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Nonprofit Spotlight: Hope Community

Article by Claudia Kittock, Photos by Rick Kittock

There is Hope

I don’t remember hearing the words ‘Hope Community’ for the first time, but I do remember hearing it from many people who work in the nonprofit sector. When I made an appointment to interview Will Delaney, Associate Director, and Shannon Smith Jones, Executive Director, I expected to hear a story I have heard before. I couldn’t have been more wrong. Hope Community is unique, interesting, and exciting.

If you've driven Franklin Avenue going west, and come to the intersection of Franklin and Portland, I’m sure you have noticed the transformation that has occurred on those 4 corners. The transformation has happened because of Hope Community. They own most of the 4 blocks that make up those 4 corners, with a mission to "create connections that strengthen the power of community members and communities. We cultivate community leaders, build community capacity, care for the places and spaces we develop, and pursue equity and diversity in all we do.”

That area of Minneapolis is unique. 100 years ago it was a neighborhood populated with Norwegian and Swedish immigrants, and has remained a beacon for immigrants from all nations. When the freeway was built, dividing the neighborhood, it also drained resources. In the 1960s, Phillips became a neighbor of Native Americans and African Americans moving from the South. It was and remains the largest urban population of Native Americans in the United States. Today the immigrants are from Latin America and East Africa.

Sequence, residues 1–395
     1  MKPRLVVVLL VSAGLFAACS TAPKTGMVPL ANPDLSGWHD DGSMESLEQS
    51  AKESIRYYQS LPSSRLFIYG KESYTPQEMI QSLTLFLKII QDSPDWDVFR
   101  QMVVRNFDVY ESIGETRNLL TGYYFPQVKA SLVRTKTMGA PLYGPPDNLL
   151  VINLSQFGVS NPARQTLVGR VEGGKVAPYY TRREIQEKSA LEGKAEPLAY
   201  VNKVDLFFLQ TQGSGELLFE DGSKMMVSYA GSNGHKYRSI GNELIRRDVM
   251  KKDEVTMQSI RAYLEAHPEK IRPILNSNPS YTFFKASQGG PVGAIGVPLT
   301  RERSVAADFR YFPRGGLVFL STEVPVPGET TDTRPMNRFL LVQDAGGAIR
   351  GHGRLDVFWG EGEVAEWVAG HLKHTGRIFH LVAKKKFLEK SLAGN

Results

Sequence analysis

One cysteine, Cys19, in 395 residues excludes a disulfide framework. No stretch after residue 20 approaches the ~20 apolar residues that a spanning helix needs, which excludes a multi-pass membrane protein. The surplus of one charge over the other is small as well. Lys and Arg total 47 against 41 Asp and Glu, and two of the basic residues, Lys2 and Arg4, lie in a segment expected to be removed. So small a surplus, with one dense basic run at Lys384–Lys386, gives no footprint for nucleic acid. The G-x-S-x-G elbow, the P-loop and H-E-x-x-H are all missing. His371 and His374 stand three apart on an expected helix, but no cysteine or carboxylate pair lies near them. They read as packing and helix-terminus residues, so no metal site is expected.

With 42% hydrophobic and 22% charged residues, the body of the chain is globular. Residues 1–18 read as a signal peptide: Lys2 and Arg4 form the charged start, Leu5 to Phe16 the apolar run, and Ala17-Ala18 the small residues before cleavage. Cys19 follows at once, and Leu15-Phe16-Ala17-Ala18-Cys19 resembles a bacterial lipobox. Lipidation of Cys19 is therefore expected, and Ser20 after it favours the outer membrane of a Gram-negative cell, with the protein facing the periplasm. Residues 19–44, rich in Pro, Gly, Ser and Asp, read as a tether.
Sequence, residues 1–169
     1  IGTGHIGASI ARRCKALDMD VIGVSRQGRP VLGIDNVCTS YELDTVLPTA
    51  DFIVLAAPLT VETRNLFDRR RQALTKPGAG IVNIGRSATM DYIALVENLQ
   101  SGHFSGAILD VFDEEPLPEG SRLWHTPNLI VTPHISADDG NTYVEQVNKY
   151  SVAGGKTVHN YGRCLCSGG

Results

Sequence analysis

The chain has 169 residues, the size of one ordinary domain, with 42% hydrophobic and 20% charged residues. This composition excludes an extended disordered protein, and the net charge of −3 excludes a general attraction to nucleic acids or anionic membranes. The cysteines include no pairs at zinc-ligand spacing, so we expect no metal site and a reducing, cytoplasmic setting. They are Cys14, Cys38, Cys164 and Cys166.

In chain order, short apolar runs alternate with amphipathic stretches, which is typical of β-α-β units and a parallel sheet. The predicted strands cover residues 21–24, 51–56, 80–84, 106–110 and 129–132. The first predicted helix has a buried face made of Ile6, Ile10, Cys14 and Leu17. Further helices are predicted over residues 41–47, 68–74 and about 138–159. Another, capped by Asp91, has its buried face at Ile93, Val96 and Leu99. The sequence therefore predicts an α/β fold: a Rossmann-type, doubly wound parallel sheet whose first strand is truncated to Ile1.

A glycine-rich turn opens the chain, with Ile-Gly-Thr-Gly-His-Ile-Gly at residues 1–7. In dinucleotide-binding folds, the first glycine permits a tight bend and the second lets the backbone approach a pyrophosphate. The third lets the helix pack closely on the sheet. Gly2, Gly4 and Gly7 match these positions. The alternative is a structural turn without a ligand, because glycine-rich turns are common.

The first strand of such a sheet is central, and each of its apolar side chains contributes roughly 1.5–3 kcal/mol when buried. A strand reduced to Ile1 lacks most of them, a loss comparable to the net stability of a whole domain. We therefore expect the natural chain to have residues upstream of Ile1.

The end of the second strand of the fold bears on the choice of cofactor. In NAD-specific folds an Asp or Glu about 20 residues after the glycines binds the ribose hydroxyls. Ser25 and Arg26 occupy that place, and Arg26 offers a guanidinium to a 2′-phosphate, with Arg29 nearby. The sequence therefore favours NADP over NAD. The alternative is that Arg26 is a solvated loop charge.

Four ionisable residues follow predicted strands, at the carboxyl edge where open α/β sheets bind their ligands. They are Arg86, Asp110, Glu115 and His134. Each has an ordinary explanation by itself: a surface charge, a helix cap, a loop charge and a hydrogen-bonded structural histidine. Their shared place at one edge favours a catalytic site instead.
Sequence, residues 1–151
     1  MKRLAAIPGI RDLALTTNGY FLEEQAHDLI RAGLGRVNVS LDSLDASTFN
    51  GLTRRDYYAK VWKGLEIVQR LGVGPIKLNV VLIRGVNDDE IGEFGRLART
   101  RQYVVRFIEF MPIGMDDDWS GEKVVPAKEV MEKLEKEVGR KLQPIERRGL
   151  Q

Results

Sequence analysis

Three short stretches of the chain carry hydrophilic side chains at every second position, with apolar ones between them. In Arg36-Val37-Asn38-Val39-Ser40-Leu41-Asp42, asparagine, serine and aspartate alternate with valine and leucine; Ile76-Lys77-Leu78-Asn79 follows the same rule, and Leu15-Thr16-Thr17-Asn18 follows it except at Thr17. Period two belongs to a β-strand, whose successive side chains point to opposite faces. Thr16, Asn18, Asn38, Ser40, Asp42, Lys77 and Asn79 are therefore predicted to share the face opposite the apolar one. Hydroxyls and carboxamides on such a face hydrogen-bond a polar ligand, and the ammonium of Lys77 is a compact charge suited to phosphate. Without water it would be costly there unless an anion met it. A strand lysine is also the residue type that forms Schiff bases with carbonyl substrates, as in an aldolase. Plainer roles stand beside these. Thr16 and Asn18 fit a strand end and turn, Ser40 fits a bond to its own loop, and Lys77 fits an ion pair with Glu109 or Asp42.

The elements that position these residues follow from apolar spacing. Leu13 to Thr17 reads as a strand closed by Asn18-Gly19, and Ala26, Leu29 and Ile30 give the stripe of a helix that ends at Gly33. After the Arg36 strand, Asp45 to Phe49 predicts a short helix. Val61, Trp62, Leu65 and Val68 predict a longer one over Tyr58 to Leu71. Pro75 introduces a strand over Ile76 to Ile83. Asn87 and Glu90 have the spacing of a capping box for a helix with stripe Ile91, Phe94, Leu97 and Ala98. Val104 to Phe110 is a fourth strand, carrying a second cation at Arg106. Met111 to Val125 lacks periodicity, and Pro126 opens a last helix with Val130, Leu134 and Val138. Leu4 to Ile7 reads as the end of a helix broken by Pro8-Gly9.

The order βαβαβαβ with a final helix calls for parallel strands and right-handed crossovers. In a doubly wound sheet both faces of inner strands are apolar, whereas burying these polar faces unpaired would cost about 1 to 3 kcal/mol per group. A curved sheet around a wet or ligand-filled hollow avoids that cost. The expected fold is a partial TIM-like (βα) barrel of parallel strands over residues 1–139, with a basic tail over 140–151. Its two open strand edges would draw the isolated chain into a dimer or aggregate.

Forty years ago, Char Madigan and Rita Steinhagen opened St. Joseph’s House, affectionately known as the Red House, a shelter operated by looking at people as assets, powerful actors in their own lives. They were determined to listen to people and to view people as part of the solution. Instead of doing things FOR people, she was determined to do things with people in need.

After a series of listening sessions in the early 1990s, it became clear that resisting gentrification was a central issue. Once gentrification begins in a community, prices go up, and the people who live there are often priced out of their homes. The people of Phillips were determined that it would not happen there.

The shelter closed in 1994, and Hope Community determined to modify their approach by focusing on:

  • Place
  • People

Place includes the redevelopment of the 4 corners of the Franklin-Portland intersection. Aeon in partnership with Hope built 300 units of housing. 70% are permanently affordable, and the remaining 30% are market rate. Commercial spaces were created which include a market, a day care, and a 7500 square foot community garden.

The People approach is based on the model begun with Char Madigan. Community organizing, health, food work, and discussions are just a few things Hope does in this unique approach. One example is the Parks and Power initiative. 700 Hope participants (trained leaders, volunteers, organizers, and community members) are working for racial equity in the city park systems and influencing priorities for park investments. Another example is the investment in the local food economy. 156 community members are creating the building blocks of an equitable, neighborhood-scale food system.

There are so many fascinating aspects to Hope Community, it is impossible to discuss all of them in this article. This is a dynamic community adjacent to the Mill District. Interested? Here’s how to help:

• Learn more. Read about Hope at
• Arrange a visit
• Become a volunteer
• Donate at
• Become involved in any or all of the programs offered there.  There are no limitations.

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About Claudia Kittock

Claudia is a resident of the Mill District. In addition to writing for Mill City Times, she is a founding Board Member of Friends of the Mill District. Claudia is the author of Health Through Chaos, mentors young adults at YouthLink, and has served on the Downtown Minneapolis Neighborhood Association (DMNA).


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